It should go without saying that sending pre-existing historical documents to a lawyer does not automatically immunize them from discovery as privileged. If it did, clients could box up all of their files and send them to a lawyer ― thus avoiding the documents’ discovery. Many courts repeat this axiomatic principle. For instance, the court in Warren Hill, LLC v. Neptune Investors, LLC, Civ. A. No. 20-452, 2020 U.S. Dist. LEXIS 161106, at *3 (E.D. Pa. Sept. 3, 2020), categorically stated that “[a] document does not magically metamorphose into a document protected by the attorney client privilege simply because a client later sends it to his or her lawyer.”
But other courts properly recognize a more nuanced approach. Several years ago, the court in General Electric Co. v. United States, No. 3:14-cv-00190 (JAM), 2015 U.S. Dist. LEXIS 122562, at *5 (D. Conn. Sept. 15, 2015), correctly recognized that the identity of an intrinsically unprotected historical document a client sends to her lawyer could “reveal that it was communicated in confidence to an attorney in connection with the seeking or receipt of legal advice.” That wise court provided a common sense example: an executive’s sending to “the company’s counsel a news article about alleged bid-rigging activities within the company’s industry” would reflect the client’s concern ― explaining that “the fact that the news article is a quintessentially public document would not defeat a claim of privilege.” Id. at *5-6. Not surprisingly, a privilege log would describe such a withheld historical document generically rather than specifically.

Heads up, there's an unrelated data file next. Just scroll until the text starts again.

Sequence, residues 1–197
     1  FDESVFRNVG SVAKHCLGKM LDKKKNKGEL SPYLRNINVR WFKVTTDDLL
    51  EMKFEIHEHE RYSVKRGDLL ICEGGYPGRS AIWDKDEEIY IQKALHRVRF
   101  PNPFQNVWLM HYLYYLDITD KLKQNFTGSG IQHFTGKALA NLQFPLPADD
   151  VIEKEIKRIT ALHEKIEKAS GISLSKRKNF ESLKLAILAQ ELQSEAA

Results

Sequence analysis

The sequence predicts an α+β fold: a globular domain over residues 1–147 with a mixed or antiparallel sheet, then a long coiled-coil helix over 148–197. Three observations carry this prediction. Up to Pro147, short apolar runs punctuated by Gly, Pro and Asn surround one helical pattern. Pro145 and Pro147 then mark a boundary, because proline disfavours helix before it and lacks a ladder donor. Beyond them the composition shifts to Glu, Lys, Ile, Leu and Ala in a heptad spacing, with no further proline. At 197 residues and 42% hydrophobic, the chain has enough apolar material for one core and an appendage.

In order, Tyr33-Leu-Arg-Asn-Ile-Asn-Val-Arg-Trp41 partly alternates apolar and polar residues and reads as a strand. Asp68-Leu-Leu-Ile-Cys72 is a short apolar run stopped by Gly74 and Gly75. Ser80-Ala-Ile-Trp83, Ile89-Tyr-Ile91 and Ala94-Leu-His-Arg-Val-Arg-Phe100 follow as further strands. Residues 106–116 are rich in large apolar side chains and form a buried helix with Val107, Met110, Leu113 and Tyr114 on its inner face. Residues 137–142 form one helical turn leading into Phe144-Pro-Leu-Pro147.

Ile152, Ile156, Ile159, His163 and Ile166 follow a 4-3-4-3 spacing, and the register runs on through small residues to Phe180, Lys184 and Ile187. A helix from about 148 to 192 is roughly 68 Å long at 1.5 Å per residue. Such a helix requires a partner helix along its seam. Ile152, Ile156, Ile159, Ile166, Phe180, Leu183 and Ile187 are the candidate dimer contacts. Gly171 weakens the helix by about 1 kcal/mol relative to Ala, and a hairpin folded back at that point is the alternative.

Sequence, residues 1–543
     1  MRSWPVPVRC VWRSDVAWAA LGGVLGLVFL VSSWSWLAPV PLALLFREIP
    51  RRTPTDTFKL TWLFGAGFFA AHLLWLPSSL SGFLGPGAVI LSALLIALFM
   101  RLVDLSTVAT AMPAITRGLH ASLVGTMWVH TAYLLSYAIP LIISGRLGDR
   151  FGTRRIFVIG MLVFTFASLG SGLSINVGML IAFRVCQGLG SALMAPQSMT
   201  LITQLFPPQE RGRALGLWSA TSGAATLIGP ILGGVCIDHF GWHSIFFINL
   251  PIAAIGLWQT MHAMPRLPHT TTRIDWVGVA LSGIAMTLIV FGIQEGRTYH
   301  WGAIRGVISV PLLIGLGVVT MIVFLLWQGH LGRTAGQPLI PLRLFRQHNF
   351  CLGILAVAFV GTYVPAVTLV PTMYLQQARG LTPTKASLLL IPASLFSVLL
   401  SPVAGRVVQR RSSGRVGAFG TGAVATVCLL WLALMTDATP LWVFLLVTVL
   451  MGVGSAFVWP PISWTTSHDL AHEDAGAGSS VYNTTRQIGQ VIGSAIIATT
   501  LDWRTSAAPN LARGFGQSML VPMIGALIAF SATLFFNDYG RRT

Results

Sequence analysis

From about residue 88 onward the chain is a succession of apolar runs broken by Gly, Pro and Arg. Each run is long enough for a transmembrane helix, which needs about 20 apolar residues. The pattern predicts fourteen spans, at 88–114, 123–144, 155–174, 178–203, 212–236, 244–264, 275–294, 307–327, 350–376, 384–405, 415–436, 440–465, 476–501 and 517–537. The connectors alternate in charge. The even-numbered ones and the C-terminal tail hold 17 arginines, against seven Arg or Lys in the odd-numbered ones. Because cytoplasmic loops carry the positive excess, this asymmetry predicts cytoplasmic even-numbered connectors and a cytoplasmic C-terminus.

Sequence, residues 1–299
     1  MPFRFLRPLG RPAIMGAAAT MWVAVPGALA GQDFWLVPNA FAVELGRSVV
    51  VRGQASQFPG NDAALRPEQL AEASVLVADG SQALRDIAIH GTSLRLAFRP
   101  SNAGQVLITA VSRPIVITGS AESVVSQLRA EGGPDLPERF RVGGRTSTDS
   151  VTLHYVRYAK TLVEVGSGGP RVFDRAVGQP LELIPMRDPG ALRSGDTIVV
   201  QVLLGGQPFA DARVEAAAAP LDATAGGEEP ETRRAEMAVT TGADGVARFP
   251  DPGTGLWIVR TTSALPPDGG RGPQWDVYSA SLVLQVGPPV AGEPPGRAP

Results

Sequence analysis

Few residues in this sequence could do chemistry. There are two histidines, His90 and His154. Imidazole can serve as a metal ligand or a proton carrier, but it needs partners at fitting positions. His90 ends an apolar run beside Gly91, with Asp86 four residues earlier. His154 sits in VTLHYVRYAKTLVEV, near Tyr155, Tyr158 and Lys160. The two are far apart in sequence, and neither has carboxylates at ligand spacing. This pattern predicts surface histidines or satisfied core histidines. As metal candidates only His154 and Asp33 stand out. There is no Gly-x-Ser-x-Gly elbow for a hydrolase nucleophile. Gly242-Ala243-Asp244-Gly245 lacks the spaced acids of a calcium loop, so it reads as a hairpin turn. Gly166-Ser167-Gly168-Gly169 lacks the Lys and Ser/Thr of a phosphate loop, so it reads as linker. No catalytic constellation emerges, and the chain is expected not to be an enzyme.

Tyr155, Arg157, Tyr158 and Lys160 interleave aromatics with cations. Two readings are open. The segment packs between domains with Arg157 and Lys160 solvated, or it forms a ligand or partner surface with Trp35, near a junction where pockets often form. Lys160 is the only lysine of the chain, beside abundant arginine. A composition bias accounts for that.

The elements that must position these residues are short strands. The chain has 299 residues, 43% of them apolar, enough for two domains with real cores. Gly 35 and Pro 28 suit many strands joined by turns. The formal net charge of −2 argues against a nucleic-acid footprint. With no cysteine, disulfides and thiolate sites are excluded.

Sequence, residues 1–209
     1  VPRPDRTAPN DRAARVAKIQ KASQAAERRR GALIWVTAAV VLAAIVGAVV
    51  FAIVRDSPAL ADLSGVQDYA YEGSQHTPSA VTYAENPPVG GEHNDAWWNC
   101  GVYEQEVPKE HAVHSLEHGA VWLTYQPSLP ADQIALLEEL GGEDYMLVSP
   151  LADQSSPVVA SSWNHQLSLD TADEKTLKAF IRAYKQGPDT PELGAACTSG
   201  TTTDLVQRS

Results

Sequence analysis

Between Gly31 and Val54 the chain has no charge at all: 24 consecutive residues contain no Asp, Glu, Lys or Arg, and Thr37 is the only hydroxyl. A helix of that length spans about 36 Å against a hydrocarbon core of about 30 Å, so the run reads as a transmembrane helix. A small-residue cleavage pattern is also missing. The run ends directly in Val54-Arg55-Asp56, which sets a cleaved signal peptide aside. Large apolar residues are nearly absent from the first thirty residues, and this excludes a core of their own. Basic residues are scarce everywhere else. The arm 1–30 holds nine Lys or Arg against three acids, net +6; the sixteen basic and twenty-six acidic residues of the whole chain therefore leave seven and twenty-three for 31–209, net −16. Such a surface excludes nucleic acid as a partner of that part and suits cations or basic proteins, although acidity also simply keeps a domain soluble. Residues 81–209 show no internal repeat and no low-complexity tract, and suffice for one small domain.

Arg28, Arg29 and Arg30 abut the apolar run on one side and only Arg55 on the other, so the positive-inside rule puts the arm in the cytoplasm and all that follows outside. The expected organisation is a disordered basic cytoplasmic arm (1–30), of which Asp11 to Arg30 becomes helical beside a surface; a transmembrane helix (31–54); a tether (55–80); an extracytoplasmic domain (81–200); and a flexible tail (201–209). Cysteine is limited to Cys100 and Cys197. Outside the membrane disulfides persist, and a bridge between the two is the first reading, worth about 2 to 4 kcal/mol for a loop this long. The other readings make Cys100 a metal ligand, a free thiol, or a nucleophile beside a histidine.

So like many seemingly simple privilege principles, this one does not automatically apply in every case.